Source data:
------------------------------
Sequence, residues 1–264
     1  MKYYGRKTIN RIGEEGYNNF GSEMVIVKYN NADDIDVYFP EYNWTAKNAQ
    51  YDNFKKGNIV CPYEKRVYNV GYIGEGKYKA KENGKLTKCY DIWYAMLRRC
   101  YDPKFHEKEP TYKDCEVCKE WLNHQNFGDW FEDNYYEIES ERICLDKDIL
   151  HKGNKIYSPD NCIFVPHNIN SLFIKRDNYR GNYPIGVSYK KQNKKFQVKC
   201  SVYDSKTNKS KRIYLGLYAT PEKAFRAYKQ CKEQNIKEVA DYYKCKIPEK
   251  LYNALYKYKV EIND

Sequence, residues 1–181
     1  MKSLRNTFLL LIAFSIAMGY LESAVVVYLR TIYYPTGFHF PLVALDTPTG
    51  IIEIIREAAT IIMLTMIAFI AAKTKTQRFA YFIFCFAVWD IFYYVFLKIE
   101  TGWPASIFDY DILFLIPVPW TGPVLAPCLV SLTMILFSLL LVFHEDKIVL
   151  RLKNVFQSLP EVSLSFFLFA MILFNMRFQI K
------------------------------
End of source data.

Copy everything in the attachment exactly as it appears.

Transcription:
Sequence, residues 1–264
     1  MKYYGRKTIN RIGEEGYNNF GSEMVIVKYN NADDIDVYFP EYNWTAKNAQ
    51  YDNFKKGNIV CPYEKRVYNV GYIGEGKYKA KENGKLTKCY DIWYAMLRRC
   101  YDPKFHEKEP TYKDCEVCKE WLNHQNFGDW FEDNYYEIES ERICLDKDIL
   151  HKGNKIYSPD NCIFVPHNIN SLFIKRDNYR GNYPIGVSYK KQNKKFQVKC
   201  SVYDSKTNKS KRIYLGLYAT PEKAFRAYKQ CKEQNIKEVA DYYKCKIPEK
   251  LYNALYKYKV EIND

Sequence, residues 1–181
     1  MKSLRNTFLL LIAFSIAMGY LESAVVVYLR TIYYPTGFHF PLVALDTPTG
    51  IIEIIREAAT IIMLTMIAFI AAKTKTQRFA YFIFCFAVWD IFYYVFLKIE
   101  TGWPASIFDY DILFLIPVPW TGPVLAPCLV SLTMILFSLL LVFHEDKIVL
   151  RLKNVFQSLP EVSLSFFLFA MILFNMRFQI K